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Getting the basics right - rule building for more effective transaction monitoring

Find out how utilising both agile rule building and AI brings newfound efficiency to transaction monitoring.

Nick Portalski
July 6, 2020

Rules form the foundation for transaction monitoring

Monitoring financial transactions to identify activity linked to money-laundering or terrorist financing is a key obligation for regulated financial firms.

In a world where there are 539 billion non-cash payments per year, pinpointing suspicious behaviours is increasingly difficult.  

Many transaction monitoring (TM) approaches rely on using rules which, conceptually, are clear and easy to understand.  

However, rules are also often over- or under- inclusive, fragile and unable to adapt quickly to changes -   whether they are new financial crime techniques or broader shocks such as the Covid-19 pandemic.  

Now, more than ever, regulated firms need to consider their ability to effectively monitor financial crime in increasingly complex and dynamic circumstances.

See how rule building features in our "5 Things to Look for in a Transaction Monitoring Solution".

The Problem with Rules

Anti-Money Laundering (AML) and Counter-Terrorist Financing (CTF) regulations mandate that regulated firms must monitor and report suspicious financial activity.  

Failing to comply with these regulations can result in significant fines and reduces law enforcement’s ability to catch bad actors. Regulated firms must, therefore, have robust frameworks and systems in place to enable them to identify suspect behaviour.

Regulators understand rules-based transaction monitoring, which is an established practice and is straightforward to monitor and audit.  

However, to keep up with increasing transaction volumes and the tendency of criminals to continually adapt their money laundering techniques, transaction monitoring rules are becoming more complex and less effective.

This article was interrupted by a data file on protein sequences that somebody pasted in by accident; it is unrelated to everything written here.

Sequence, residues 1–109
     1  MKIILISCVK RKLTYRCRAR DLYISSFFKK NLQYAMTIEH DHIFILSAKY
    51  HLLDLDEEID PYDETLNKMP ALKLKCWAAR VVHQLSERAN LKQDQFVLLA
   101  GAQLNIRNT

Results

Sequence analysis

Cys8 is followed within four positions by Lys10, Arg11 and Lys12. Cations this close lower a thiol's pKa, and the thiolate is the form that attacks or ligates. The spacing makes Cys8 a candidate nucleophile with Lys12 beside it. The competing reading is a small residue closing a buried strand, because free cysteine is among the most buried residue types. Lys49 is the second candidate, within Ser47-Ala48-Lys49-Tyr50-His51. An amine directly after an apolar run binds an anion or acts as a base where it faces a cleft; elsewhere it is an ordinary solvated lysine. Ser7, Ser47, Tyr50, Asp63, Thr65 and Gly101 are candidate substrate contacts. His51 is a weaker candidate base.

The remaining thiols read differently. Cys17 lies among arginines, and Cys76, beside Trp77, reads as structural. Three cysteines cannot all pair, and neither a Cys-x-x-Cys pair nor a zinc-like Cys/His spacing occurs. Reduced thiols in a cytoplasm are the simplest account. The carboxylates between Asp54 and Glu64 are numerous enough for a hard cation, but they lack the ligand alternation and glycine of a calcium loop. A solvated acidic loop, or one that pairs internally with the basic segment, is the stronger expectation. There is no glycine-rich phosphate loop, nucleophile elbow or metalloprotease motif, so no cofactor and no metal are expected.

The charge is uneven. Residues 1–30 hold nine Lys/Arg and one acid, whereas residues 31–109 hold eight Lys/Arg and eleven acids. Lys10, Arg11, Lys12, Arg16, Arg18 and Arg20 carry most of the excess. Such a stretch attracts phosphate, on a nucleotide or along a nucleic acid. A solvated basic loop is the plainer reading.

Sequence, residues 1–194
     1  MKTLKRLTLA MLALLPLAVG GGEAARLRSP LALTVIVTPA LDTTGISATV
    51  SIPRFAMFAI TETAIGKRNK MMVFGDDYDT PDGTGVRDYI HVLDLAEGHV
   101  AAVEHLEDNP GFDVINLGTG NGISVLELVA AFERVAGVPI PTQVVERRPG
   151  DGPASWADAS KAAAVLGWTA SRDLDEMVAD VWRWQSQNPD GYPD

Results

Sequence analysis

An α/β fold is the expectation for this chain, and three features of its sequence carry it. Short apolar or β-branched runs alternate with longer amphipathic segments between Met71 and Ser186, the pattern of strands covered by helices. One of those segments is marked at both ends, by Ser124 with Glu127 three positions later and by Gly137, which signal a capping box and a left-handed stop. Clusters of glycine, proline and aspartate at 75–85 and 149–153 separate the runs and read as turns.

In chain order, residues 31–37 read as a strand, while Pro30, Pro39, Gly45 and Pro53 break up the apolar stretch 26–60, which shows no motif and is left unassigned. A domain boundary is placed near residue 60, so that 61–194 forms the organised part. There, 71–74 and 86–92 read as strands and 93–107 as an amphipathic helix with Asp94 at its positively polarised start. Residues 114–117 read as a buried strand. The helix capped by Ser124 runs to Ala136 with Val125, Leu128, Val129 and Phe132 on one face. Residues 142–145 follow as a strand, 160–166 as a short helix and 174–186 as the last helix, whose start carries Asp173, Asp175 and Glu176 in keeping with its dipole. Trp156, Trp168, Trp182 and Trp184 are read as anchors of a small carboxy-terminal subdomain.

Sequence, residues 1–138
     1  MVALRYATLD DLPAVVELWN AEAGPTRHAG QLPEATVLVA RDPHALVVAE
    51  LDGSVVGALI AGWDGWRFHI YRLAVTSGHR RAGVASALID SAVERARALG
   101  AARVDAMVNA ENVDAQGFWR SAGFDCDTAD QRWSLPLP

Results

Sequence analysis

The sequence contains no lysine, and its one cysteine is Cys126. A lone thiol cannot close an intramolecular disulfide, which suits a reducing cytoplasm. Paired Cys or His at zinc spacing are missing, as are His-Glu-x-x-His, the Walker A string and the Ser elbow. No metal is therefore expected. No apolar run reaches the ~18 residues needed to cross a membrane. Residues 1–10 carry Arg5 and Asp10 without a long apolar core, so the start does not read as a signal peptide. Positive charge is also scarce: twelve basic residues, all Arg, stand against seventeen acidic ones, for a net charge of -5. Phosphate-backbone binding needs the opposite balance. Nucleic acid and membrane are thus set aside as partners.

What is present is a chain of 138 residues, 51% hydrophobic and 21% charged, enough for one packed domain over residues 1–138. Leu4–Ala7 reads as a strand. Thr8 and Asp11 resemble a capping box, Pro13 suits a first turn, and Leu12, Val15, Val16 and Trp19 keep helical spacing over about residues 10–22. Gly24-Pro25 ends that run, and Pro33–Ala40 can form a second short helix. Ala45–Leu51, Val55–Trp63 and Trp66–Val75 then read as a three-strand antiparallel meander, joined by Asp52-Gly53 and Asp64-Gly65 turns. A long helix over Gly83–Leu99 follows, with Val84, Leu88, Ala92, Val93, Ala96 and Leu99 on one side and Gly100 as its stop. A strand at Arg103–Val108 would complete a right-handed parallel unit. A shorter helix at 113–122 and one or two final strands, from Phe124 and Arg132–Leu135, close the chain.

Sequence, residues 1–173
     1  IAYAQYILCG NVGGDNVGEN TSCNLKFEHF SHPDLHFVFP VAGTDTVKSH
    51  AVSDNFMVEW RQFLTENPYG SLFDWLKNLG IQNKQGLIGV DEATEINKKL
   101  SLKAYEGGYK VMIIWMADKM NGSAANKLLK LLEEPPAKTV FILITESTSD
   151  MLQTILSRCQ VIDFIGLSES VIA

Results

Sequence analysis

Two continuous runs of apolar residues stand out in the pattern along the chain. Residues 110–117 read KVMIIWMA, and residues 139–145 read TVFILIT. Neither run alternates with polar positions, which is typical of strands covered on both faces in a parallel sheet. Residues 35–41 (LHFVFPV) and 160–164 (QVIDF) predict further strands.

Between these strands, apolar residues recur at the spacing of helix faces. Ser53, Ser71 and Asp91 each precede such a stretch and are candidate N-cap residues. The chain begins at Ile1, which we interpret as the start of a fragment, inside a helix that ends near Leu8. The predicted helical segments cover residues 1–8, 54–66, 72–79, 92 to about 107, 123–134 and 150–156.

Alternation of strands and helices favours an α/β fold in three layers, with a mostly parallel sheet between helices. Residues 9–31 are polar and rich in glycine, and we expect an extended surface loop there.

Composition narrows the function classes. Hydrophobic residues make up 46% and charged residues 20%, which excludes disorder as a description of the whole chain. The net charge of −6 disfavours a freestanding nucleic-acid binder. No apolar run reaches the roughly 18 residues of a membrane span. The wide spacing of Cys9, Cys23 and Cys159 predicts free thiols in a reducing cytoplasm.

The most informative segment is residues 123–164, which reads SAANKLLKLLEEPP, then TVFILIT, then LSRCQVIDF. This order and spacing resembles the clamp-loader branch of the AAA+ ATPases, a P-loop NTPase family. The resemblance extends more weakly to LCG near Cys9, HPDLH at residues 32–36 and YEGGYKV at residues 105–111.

Financial crime typologies change frequently, but the speed at which rules are usually updated is far slower. Inflexibility in rules leads to poor transaction monitoring and arises for three key reasons:

1. Fixed out-of-the-box rules

Software vendors supplying rules-based transaction monitoring products often include a set of pre-configured rules.  

Although lists and threshold values can be changed, new rule types cannot be created by end-users.  If an organisation wants to add bespoke rules, it can take many months and require a software upgrade to implement them. If you know that’s likely to be the case, there is little incentive to change things and inertia sets in.  

2. Calibration in live systems takes time and carries risk

Calibrating rules is a fine art. It is a balancing act between producing too many false positives (which require significant human review) and too many false negatives (when suspicious transactions may go undetected).  

Changing a live system carries risk.  It is cumbersome to implement a separate test system with regular data refreshes, simply to try out some rule tweaks.  Which means it simply doesn’t happen.

 Consequently, it is difficult to understand the impact of rule changes before they are deployed; creating more inertia within the organisation.

3. Lack of customer data

Historically, transaction monitoring systems have not had connectivity with other compliance systems such as client screening or Know Your Customer (KYC) systems.  As such, TM systems may be operating in isolation, purely looking at the transactions.  

However, organisations hold a wealth of other information about their customers, or can gather such data from third party intelligence sources. This data can be used to tailor rules and improve TM significantly.  

The challenge is two-fold - first getting this data into a rigid TM system is difficult, and second, inflexible rules make it difficult to use anyway. As a result, most firms choose to ignore this as a data priority.

Replace rules with artificial intelligence

Some may see these drawbacks as an argument (or an opportunity) for getting rid of rules altogether.  Others have argued that some of the current AI projects exist simply to deal with this lack of customer insight within TM systems.  

At Napier, we know that both rules and AI are necessary components of an effective AML strategy.  Each approach can be most effective in different circumstances and they also complement each other well (a topic for a different blog).  

Rules are not going away; organisations simply need to be much more agile in how they create and use them.

Creating Better Rules

So how can regulated firms improve their use of rules and adapt them more quickly to changing circumstances?  

Napier’s products include a couple of approaches that firms might wish to explore:

1. Create your own rules

Compliance teams usually know what rules they’d like to implement.